It was the most easterly Anglo-Newfoundland Development Company logging division, and the logging division farthest from Grand Falls. It was the last one to be acquired, and the first one to close. In terms of employment it generally employed the least loggers, and provided the least amount of wood, and it is the division that I know the least about; physically, geographically, and historically.
In many ways Terra Nova is the best preserved logging division. I have only been to the Town of Terra Nova once. It was about ten years ago, as I walked around in the area where the A.N.D Company had been based, and I felt like I was walking back in time. Not into a time when logging operations were still on the go, but to perhaps a time about ten years after. This was because some of the buildings remain and are kept in fantastic condition. The forests must be preserved to some extent as well,-although the Grand Falls Mill still had the timber rights-going back into Terra Nova was not in Abitibi’s long term cutting plans.
Like Badger, and Millertown; Terra Nova started life as a sawmilling community. A sawmill was first established there in 1894. The Campbell Lumber Company, Terra Nova Lumber Company and Horwood Lumber Company were involved in lumbering operations in the area between 1894 and 1920. (ENL)
I will not rehash what I have already written about how the Terra Nova timber limits came into the possession of the Anglo-Newfoundland Development Company. I covered that here.
Believe it or not, there are areas in Millertown Division which were considerably further away from Grand Falls than Terra Nova. The difference is, these far flung areas in the vicinity of Lloyds Lake and Victoria Lake were in the Exploits River watershed, meaning wood could float most of its way to the mill. Everything in Terra Nova Division had to be shipped to Grand Falls by rail.
But the acquisition of the timber limits of a doomed Scandinavian backed pulp concern came at a fortuitous time for the Anglo-Newfoundland Development Company. In the immediate post-war period there were problems with securing enough pulpwood. A.N.D was forced to look at different ways of hauling wood, flumes, steam skidders, tractors, and even a trawler were employed in getting enough wood to feed the Grand Falls Mill. It appears that a great deal of the wood to they were utilizing was coming from outside limits and was being brought in by rail. The prices must have been high, along with the price on the global market for pulp and newsprint, but not sustainable.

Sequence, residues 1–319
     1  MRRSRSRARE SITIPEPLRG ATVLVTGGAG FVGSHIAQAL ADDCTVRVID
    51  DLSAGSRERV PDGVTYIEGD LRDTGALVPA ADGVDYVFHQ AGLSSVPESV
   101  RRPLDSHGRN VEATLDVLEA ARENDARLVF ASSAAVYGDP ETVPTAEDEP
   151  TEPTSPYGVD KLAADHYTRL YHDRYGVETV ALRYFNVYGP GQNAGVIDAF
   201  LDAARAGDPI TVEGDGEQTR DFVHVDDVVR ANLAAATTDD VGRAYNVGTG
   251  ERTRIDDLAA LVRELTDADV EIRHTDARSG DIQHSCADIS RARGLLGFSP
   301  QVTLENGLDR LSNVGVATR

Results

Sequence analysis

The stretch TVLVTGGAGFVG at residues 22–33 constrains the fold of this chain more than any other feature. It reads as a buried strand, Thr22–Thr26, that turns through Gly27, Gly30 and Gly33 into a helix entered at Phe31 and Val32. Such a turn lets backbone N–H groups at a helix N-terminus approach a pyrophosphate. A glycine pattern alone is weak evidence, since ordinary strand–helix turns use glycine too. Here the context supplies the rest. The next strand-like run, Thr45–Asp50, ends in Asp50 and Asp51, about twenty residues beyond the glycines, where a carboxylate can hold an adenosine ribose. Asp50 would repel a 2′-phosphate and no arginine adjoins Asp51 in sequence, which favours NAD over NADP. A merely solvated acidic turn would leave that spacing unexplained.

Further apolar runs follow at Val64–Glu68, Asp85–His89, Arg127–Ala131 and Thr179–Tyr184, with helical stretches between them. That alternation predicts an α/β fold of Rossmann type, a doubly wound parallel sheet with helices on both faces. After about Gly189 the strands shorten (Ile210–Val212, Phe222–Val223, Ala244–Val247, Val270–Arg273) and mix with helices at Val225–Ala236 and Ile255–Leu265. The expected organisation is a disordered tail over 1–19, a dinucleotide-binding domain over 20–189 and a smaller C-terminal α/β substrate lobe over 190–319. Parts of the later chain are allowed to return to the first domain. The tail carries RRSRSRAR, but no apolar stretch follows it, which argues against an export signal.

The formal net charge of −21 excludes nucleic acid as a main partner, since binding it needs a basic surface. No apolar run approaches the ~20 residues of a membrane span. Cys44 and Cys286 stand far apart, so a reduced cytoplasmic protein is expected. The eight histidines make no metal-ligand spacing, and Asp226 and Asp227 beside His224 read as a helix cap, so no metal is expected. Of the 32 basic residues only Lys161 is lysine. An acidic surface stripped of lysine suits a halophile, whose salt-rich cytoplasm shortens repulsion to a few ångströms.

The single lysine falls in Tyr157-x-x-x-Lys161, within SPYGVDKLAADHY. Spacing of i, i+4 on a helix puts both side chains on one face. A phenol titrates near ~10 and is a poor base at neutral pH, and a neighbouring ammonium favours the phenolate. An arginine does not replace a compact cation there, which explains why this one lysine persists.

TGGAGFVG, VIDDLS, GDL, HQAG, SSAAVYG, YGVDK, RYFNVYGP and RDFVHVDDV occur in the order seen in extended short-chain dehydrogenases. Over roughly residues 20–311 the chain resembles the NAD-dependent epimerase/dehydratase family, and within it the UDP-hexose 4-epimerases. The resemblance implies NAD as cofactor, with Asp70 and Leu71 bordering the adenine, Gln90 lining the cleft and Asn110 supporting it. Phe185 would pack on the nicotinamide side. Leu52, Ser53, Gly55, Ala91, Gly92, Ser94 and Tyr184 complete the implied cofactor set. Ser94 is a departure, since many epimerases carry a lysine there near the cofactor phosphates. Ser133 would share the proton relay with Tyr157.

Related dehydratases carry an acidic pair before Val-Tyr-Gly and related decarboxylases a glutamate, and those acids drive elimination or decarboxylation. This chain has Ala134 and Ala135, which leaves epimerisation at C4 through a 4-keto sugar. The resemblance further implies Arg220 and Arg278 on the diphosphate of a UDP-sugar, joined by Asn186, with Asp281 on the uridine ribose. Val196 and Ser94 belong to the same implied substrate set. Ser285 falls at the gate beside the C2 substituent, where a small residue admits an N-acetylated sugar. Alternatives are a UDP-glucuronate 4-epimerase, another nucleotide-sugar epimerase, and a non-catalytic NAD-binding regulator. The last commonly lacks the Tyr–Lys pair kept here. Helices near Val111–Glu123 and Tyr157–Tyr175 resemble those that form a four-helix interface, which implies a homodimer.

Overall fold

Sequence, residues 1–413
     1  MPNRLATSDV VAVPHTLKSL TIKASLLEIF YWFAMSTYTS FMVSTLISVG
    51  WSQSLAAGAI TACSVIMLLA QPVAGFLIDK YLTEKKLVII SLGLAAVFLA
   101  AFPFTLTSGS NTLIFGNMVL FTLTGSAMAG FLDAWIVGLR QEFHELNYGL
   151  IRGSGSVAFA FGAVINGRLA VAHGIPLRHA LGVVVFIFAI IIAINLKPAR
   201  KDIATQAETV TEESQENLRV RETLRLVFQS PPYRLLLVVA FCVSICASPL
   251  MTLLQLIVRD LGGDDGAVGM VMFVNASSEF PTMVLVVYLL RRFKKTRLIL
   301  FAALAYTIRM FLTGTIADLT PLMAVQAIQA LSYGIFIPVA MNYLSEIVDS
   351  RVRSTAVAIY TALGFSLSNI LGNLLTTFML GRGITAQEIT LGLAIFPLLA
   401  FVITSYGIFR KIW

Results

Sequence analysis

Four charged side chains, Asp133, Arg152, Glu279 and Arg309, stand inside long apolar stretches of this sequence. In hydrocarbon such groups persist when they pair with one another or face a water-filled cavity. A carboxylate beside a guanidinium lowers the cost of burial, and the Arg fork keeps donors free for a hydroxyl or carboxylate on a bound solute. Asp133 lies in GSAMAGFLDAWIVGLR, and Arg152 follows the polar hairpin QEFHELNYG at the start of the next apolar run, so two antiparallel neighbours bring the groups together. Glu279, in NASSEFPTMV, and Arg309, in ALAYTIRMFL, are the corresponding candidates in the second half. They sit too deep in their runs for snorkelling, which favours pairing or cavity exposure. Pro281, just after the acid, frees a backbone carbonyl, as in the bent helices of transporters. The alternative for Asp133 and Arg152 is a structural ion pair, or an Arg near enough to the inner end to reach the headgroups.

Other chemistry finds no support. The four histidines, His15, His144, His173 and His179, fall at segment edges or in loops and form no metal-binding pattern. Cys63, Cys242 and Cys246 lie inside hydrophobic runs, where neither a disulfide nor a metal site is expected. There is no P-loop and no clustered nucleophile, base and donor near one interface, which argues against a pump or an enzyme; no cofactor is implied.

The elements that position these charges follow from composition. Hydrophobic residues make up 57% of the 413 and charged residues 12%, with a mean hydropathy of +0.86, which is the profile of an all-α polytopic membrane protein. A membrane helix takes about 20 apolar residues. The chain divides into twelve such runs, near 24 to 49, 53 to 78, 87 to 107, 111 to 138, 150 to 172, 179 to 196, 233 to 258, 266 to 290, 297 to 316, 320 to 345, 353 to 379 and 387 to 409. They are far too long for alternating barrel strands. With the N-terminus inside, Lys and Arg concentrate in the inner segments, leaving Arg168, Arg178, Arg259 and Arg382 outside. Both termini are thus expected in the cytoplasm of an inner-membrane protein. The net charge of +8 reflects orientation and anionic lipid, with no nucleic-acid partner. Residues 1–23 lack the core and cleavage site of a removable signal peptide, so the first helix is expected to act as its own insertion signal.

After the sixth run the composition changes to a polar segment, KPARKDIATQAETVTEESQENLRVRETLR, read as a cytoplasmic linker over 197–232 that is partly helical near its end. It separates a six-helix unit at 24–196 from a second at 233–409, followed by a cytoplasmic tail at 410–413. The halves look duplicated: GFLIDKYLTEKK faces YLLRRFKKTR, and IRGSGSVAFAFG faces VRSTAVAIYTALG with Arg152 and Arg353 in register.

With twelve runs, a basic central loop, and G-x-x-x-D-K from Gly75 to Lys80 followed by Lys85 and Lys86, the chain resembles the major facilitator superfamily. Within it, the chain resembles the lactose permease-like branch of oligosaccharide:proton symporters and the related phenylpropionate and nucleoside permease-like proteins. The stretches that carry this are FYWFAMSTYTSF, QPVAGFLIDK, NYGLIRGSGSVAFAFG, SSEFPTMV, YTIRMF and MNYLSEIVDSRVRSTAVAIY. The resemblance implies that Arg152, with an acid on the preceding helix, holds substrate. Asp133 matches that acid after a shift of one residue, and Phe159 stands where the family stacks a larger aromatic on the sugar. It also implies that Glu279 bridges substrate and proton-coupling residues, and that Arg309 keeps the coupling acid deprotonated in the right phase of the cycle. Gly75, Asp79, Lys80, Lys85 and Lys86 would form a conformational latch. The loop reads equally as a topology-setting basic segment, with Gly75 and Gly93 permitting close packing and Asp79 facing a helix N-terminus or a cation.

Although the Terra Nova Sulphite Company had gone under by 1923 and that year AND Co had stepped in to take over its assets and properties; it it difficult to determine when exactly they set up cutting operations there. Whether or not the AND Company should have been allowed to take over the timber areas was still being debated in the House of Assembly in March of 1925 (Daily Globe), Lord Rothermere had made it clear to the Government of the day that A.N.D was not going to finish the project (Munro 89). A.N.D official, and future General Manager, Philip Gruchy, was noted to have been resident at Angle Brook between January of 1922 (before the official takeover) and March of 1925, so they had staff in place there. (LTS). At first glance you would think that they would have worked their way down the Terra Nova River from Angle Brook, and drove the logs to the railway. Except that the railway didn’t reach Glovertown. That area’s connection to the railway was at a place called Alexander Bay Station, in an area outside of the Terra Nova Watershed. One can hypothesize, until finding further evidence, that the wood must have been driven out to Glovertown, boomed, and then most likely towed to a rail connection, most likely Gambo, where it was transshipped on the railway to Grand Falls. Another possibility could have been the use of ships or schooners to transport to the wood from Glovertown to Botwood.